The McMaster marching band has faced several challenges this year. The most significant of these is the fact that band just received their yearly funding on Nov. 24, three months after it should have been given to the club.

Meanwhile, the group has been collecting interest on a set of drums, purchased with the intention of paying them off with the 2014-2015 funding allocation.

These funds are collected from undergraduate students as part of their supplementary tuition fees. The University collects 90 cents per student which funds equipment upgrades, travel expenses, and other costs of the McMaster marching band.

At the Student Representative Assembly meeting on Nov. 15, Miranda Clayton, President of the McMaster Marching Band, spoke out about this issue. Until Nov. 24, the band was given no indication when they would receive their funding. That day, they received an email from the university telling the group they could come pick up their funding.

The confusion has resulted because of the dual status of the marching band – they collect a yearly fee from each student, classifying them as a non-university, non-MSU fee-collecting levy group. At the same time, they are an MSU club.

“Because we have this dual status, when I went to go talk to the university about the fact that we did not get our funding, they said talk to the MSU,” said Clayton. “When I talked to the MSU about the fact that we did not get our funding, they said talk to the university.”

This is not the first year that the funding for the marching band has been delayed. Clayton encountered the same problem last year and says that she was promised that this would never happen again.

Scott Mallon, MSU VP (Finance), along with the MSU finance committee is now working with the university to sort out this issue.

“It’s my understanding that the MSU gets their fee from the university and then we pass it on to the marching band,” said Mallon. “We just got our [allotment] at the beginning of November, our fees back from university, so we are in the process of setting everything up.”

“I’m sure that the funding will get resolved, but we are angry that it has taken this long,” said Clayton.

Funding isn’t the only issue that the Marching Band has encountered. The group, which has close to 70 members, does not have an on-campus practice space.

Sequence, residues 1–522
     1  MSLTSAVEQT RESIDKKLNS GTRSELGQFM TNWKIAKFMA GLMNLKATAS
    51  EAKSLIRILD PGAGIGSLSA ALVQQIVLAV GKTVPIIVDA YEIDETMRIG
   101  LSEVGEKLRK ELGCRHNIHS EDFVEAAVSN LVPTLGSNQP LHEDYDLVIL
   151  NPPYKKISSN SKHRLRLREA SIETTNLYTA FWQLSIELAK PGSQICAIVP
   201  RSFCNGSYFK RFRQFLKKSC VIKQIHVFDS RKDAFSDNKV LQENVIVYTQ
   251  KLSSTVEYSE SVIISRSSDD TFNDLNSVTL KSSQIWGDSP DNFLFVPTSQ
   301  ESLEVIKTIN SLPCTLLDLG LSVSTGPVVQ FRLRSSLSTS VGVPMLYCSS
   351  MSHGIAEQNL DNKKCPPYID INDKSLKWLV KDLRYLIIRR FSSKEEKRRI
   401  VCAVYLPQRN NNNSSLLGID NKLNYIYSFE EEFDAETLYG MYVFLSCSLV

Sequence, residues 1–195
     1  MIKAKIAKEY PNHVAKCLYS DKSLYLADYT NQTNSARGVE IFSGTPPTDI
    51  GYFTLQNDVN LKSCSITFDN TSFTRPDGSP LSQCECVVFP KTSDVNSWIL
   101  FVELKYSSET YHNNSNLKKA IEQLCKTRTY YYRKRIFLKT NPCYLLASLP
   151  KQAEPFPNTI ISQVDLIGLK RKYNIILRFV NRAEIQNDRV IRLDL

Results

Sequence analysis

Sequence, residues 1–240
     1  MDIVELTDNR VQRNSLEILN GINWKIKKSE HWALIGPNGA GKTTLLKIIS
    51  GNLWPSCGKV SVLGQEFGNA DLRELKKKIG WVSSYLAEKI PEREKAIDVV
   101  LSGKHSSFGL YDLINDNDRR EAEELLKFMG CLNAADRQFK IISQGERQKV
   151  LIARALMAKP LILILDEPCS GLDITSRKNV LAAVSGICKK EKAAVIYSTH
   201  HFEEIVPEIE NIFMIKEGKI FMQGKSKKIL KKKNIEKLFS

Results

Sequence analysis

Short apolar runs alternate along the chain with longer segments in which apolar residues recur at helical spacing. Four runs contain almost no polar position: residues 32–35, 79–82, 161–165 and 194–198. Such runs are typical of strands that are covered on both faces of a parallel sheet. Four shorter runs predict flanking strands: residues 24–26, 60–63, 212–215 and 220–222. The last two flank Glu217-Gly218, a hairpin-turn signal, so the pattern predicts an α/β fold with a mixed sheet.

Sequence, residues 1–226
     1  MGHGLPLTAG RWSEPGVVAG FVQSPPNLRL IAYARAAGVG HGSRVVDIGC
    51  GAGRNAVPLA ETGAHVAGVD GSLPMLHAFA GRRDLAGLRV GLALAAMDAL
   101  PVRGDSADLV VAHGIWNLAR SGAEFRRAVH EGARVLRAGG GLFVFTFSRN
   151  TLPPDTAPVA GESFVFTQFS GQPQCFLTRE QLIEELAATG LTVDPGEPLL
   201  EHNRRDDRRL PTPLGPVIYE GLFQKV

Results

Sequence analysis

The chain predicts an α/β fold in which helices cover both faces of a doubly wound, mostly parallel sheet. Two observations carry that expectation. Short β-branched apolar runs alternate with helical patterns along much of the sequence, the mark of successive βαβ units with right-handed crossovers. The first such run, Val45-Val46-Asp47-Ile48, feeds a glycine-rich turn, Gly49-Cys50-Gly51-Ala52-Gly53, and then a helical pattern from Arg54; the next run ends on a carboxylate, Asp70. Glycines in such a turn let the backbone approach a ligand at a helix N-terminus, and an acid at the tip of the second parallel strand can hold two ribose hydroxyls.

“We will have to pay $800 every two months for practice space [off-campus],” said Clayton.

This year, the McMaster Marching Band is playing at five Santa Clause parades in the greater Toronto area, and is in demand for more. In the past, the marching band has participated in international competitions and even backed Serena Ryder while she played “Stompa” at the ET Canada New Year’s bash.

“We do so many things everywhere but we feel like we’re not welcome at home,” said Clayton. “We love the student body at Mac, and what we want to do is provide a great show for everybody at Mac. But the school itself is making it so hard to do this because we don’t have the practice space.”

Despite this, the Marching Band has made some progress in its relationship with the university. Clayton is currently discussing the marching band’s role at sporting events with Athletics and Recreation, which could result in an increased presence. The marching band may also have a bigger role in Welcome Week in the future.

The university has also donated space in Bates residence for the marching band to store their instruments, which has been a major obstacle for the group in the past.

“[We are only a club], which is a little bit of why we feel like we’ve had some trouble getting more respect from the institution,” said Clayton. “We do feel like we have outgrown clubs, and I have brought it up before that we should be transferred to either a service or something else. Ultimately, we need a better place within the university.”


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